Four of Denmark’s biggest pension funds have once more become members of the UN-backed responsible investment organisation PRI (Principles for Responsible Investment), after quitting the body in 2013 in protest at the way it was run.

But Industriens Pension and PensionDanmark – the two other major pension funds in the Nordic country that left the PRI at the same time – have not said they are re-joining.

In a joint statement, ATP, PFA, PKA and Sampension said they had decided to join the PRI again.

They said: “In 2013, the pension companies withdrew membership from the organisation, as it did not meet the basic requirements for management structure.”

The decision about resuming membership was made after three years of critical dialogue with PRI’s board, they said.

Ole Buhl, head of ESG at ATP, told IPE: “When we left in 2013, we stated a number of concerns, and what we have been evaluating is whether all those concerns have been met.”

He said ATP was now happy with the new governance of the PRI, even though it had not reverted to the old constitution but rather adjusted the new constitution it subsequently put in place.

Under the old framework, ATP and other investors were legal members of the organisation – which ATP preferred – but now their status is simply that of signatories.

“We are very happy, and sometimes you don’t get everything you ask for,” Buhl said.

The four Danish pension funds said PRI chairman Martin Skancke had listened to their criticism, and that the organisation had changed both policies and management structure, as well as increased the “visibility” of its plans and decisions.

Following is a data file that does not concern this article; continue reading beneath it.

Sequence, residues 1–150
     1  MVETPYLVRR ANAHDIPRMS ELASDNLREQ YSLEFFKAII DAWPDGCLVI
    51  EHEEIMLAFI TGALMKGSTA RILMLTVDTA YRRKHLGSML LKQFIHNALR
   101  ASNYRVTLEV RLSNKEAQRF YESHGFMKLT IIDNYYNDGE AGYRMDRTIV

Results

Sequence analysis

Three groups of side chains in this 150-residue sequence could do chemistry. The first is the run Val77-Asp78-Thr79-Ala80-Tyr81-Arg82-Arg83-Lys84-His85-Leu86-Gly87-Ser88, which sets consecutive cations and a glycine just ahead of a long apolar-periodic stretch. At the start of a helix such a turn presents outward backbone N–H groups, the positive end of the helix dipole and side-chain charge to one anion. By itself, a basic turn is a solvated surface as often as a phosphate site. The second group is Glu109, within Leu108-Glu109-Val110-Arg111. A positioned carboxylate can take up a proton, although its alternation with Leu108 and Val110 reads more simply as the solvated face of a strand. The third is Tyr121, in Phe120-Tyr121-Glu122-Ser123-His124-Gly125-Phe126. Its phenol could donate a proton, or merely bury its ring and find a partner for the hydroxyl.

“Thirdly, the board has been receptive of arguments in the ongoing dialogue with the Danish pension companies,” they said in the statement.

During the period when they were not part of the PRI, the four funds said they had complied with the UN-supported principles for responsible investments. 

Skancke said the organisation was delighted to welcome the four Danish pension funds back.

“We have had constructive informal discussions with them over the last several months and sought to explain how their governance concerns were addressed following our governance review, which was approved by more than 95% of signatories voting,” he said.

“This overwhelming support for the new governance structure and articles of association clearly demonstrated that signatories were pleased with and supportive of these changes.”

PensionDanmark, meanwhile, said the situation regarding the PRI had not changed.

Jens-Christian Stougaard, PensionDanmark’s senior vice-president for business development, analysis, public affairs and corporate social responsibility, said: “We have not had any direct discussions with the PRI since a meeting in November 2015.

“When we left the PRI in 2013, it was because we observed that the governance of PRI did not live up to the standards we expect. 

“If the PRI re-establishes the original principles of governance – for example, membership rights, having an AGM, etcetera – we will give serious consideration to re-joining.”

Until then, Stougaard said the pension fund would carry on with its efforts as an active and responsible investor across asset classes and geographies.